Preston’s Political Point: Obamacare Hurts Poor College Students Most

Preston’s Political Point: Obamacare Hurts Poor College Students Most

Artwork courtesy of Nate Beeler/Tribune News Service

The Affordable Care Act (ACA), also known as Obamacare, was signed into law March 23, 2010. With the 5-year anniversary looming, many Americans find themselves just now feeling the effects of the benefits and penalties. College students are the most negatively affected, though.

When applying for financial aid, your cost of attendance (COA) and estimated family contribution (EFC) are factored together to decide what sort of financial aid you are allowed to receive. But, the cost of mandated health insurance is not factored into your EFC, which means your parents or yourself, are shelling out money for something the government is requiring you to have, and not allowing you to account for that in your monthly or annual expenses.

Obamacare supporters often say the ACA will increase competition among markets, boost the economy, and provide lower coverage costs to the poor who were suffering before. However, allowing parents to cover their children until they are 26 years old hurts poor students more than any other provision in the ACA.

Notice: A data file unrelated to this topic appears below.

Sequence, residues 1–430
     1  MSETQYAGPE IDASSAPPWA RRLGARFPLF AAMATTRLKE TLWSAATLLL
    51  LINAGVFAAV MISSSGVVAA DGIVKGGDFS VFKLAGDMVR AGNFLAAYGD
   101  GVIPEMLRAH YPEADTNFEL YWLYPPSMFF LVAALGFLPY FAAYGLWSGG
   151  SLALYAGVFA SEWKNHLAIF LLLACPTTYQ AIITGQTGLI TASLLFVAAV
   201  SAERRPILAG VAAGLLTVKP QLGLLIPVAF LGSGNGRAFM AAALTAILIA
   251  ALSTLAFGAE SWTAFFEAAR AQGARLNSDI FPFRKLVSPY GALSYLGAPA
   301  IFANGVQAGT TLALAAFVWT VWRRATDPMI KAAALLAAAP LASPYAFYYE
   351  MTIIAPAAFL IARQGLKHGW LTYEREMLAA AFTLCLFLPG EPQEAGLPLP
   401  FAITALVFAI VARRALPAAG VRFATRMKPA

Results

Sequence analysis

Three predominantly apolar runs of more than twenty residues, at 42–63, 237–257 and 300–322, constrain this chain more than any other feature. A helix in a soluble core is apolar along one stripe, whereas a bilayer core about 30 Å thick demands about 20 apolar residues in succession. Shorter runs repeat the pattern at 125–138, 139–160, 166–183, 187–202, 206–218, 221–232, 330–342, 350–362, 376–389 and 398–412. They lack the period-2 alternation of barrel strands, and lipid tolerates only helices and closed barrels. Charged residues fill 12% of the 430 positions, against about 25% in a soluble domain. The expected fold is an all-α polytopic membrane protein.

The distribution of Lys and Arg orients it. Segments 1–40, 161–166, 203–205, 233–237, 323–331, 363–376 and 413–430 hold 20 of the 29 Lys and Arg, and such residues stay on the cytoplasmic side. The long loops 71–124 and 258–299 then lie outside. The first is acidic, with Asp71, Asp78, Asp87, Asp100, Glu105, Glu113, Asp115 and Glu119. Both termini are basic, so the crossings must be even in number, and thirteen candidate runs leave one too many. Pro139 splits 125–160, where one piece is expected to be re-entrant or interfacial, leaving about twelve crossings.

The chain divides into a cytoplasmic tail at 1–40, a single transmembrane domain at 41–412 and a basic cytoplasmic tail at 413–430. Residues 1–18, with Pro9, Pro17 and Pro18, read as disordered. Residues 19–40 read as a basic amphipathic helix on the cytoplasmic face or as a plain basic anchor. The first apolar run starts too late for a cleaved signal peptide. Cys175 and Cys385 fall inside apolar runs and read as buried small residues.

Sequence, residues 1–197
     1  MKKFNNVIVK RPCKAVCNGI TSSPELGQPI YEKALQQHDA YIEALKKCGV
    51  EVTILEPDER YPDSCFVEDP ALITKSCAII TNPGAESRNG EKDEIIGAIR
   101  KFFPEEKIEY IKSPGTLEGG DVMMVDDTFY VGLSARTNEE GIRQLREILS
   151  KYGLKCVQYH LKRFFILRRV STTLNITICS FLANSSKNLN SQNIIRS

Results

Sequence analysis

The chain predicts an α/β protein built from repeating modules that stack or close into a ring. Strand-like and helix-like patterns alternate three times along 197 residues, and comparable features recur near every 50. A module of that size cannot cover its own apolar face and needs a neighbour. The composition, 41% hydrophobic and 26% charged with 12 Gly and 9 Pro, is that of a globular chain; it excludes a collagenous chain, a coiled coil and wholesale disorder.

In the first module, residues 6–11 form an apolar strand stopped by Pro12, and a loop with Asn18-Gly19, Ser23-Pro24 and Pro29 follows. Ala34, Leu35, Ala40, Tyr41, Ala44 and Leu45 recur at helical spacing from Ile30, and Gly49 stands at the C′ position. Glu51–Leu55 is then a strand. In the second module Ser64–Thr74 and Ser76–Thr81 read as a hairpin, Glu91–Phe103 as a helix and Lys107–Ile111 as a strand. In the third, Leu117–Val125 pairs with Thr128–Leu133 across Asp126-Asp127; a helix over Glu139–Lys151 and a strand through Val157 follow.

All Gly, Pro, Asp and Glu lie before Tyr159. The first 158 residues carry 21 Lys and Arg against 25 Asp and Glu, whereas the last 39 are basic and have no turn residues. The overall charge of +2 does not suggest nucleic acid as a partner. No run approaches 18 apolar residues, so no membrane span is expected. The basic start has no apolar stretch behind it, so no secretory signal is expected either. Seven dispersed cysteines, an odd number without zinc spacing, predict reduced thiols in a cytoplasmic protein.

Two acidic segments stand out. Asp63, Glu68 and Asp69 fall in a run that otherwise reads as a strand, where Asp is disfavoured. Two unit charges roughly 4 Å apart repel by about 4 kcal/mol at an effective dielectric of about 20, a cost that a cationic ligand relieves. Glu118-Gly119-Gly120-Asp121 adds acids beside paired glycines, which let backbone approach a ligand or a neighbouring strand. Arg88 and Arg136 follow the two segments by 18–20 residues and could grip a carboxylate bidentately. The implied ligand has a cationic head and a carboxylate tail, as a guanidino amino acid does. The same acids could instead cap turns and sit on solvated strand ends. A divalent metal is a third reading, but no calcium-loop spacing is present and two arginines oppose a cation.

Students with poor parents likely took the $95 penalty, while wealthy students are currently relaxing with their parents’ health care. These wealthy students have 3 to 4 years, post-graduation, to find a job with benefits, while the poor students without insurance will be stuck signing up for whatever Obamacare packages are left.

Some packages carry premiums upwards of $10,000, or often times provided by insurance companies doctors are no longer accepting new patients from, leaving these poor students essentially uninsured and potentially facing a $695 penalty from the IRS for not having the mandated coverage.

In addition to these outrageous outcomes, most college students being 18 to 25 years old, who wished to sign up this past enrollment period, found themselves wondering why they were left without any discounted rates even with an estimated low-income for 2015. The reason is that young people are the people actually paying for this law. Older people really utilizing this program are not paying near as much as someone in their early twenties who rarely see a doctor or emergency care.

This overlooked fact is what hurts college students who pay for everything themselves. In turn, the ACA should not be affecting the future of America this way.

The ACA should be reworked to place higher coverage rates on the ones who are utilizing the medical coverage most to pay for cancer treatment, dialysis, blood pressure medication, and diabetes insulin, not on young Americans who typically do not need extensive health care, except for emergencies. These young people aren’t able to pay for everything and elderly health coverage. If an 80-year-old wants to live longer, they should pay to live longer; not a 20-year-old who is simply trying to avoid being penalized, and doesn’t actually use the coverage they receive.